History of Portets

The history of Portets dates back to antiquity, when its territory, nestled in a bend of the Garonne, attracted Iberians and Ligurians. Soon, the Romans built a first port there, developed river trade and established the first vineyards from which the multi-millennial wine vocation of Portets was born. In the Middle Ages, a fortified castle was built on the territory of Portets. Governed for several centuries by the barony of Gascq, it will be successively bequeathed and then sold. From 1785 until the end of the 19th century, it belonged to the Séguineau de Lognac family, who received Napoleon 1st there in 1808 on his return from Spain, before entering Bordeaux. Occupied during World War II, the building was then left abandoned for more than a decade. On the Garonne, Portets had three ports, one of which was built as an extension of the castle terraces and called the Port du Roy. In 1880, a shipyard was established in Portets. Many boats and barges were to emerge from it, including the Bateau-Mouche, the Aliénor, in 1984, just before the final closure of the yard.

The essentials of Portets

The heritage of Portets tells its inhabitants and visitors the prestigious history of this area ideally located south of Bordeaux, on the west bank of the Garonne. The old ports, long dedicated to river traffic, are now nautical stopping places that benefit boaters and boat passengers. In the middle of the vineyards stands the Tour du Roy, whose vocation was to allow the surveillance of barges on the river. From the Château de Portets there is a 17th century dwelling which was altered in the 19th century. In the town is also the listed castle of Mongenan, a Louis XV style folly built in the 18th century and now open to visitors. Its park is home to a botanical garden and a rose garden made up of more than 1000 varieties. The Château de l'Hospital and the Gaubert house are other examples of remarkable architecture which make Portets so charming. Finally, among the city's must-sees are the old washhouse near the castle and the 19th century Church of Saint-Vincent. Common to the historic vineyards, the territory of which is covered by the Graves appellation, Portets is home to 25 châteaux whose cellars delight wine lovers. Among them, the Château de Portets itself, the owners of which are bringing the historic vocation of wine to life.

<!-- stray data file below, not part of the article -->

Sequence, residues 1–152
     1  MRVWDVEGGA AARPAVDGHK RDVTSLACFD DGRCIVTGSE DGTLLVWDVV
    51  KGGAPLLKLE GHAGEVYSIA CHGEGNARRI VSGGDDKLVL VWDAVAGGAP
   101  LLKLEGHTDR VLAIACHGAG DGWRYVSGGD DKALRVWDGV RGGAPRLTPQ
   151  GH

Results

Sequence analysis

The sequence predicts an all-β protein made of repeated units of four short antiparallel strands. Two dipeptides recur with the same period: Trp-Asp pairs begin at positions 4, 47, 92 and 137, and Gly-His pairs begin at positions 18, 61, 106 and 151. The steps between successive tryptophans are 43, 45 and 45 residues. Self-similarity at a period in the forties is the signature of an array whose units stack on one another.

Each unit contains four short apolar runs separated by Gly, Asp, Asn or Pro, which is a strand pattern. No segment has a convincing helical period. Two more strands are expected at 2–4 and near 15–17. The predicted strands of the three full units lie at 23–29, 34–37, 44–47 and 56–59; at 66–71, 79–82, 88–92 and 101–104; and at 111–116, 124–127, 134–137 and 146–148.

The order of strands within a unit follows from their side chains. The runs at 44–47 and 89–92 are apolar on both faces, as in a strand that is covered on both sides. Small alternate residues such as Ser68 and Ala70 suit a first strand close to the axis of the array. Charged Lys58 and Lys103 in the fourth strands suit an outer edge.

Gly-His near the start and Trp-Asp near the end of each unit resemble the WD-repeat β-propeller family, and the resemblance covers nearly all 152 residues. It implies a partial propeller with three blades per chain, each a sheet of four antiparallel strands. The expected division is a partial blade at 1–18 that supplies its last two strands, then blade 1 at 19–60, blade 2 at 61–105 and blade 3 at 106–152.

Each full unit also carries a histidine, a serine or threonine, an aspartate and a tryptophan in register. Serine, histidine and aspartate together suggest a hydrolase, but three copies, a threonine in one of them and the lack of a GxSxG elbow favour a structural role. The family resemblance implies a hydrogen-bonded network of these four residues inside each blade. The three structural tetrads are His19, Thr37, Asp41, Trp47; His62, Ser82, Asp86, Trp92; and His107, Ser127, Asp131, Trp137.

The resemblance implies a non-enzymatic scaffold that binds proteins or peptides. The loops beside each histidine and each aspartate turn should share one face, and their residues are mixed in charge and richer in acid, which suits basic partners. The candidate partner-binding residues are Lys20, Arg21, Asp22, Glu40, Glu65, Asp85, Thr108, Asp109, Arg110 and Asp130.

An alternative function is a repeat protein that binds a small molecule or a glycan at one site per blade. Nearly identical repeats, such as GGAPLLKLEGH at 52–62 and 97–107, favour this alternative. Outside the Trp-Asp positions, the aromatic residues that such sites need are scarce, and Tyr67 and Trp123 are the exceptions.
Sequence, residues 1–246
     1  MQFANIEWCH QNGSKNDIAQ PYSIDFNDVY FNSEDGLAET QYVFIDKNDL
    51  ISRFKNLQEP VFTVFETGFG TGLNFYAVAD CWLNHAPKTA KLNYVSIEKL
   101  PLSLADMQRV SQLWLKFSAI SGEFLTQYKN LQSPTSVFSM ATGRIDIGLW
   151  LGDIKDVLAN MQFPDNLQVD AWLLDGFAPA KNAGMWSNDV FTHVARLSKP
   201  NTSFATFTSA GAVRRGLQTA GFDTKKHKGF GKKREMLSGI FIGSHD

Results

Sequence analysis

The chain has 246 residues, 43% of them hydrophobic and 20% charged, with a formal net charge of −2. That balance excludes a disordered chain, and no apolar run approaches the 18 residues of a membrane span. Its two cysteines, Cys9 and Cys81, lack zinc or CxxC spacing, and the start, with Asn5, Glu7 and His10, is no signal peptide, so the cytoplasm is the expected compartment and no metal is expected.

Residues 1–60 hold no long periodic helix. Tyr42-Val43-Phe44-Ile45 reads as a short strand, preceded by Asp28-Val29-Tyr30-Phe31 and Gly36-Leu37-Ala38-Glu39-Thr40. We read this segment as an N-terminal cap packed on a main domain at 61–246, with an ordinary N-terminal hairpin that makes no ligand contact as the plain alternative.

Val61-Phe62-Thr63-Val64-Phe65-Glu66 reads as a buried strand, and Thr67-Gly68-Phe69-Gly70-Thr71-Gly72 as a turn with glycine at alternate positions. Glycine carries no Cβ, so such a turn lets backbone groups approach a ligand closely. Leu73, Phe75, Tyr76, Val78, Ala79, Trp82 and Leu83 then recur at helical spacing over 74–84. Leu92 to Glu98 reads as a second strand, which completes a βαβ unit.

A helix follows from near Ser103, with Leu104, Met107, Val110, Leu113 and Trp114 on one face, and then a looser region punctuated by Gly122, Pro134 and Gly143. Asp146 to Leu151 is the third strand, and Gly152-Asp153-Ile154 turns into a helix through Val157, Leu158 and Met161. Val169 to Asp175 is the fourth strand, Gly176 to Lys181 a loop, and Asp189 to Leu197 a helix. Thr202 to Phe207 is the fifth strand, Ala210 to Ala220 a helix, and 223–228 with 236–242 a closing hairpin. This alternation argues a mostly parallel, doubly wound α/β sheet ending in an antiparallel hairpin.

Living in Portets

The small town of Portets attracts for its elegant charm and its unspoiled environment between the river and vineyards. Less than 25 km from the center of Bordeaux, you can enjoy a calm and rejuvenating life in the countryside with very easy access to the shops and cultural establishments of the Bordeaux metropolis. One of Portets’s main assets is its train station in the heart of the village, and its TER which connects it directly to Saint-Jean station in just over 20 minutes. Portets has a kindergarten and a primary school for families, as well as a free recreation center and youth room for 11-14 year olds. The town of 2,800 inhabitants is home to many local shops and services, including general food stores, cafes, a bakery, hairdressing salons, a greengrocer, restaurants, and even a flea market. Health services are also well developed there, with several general practitioners and specialists, a medical analysis laboratory, physiotherapists and speech therapists. Cultural and sporting life is finally dynamic, animated all year round by numerous associations: tennis, cycling, athletics, theater, dance, music.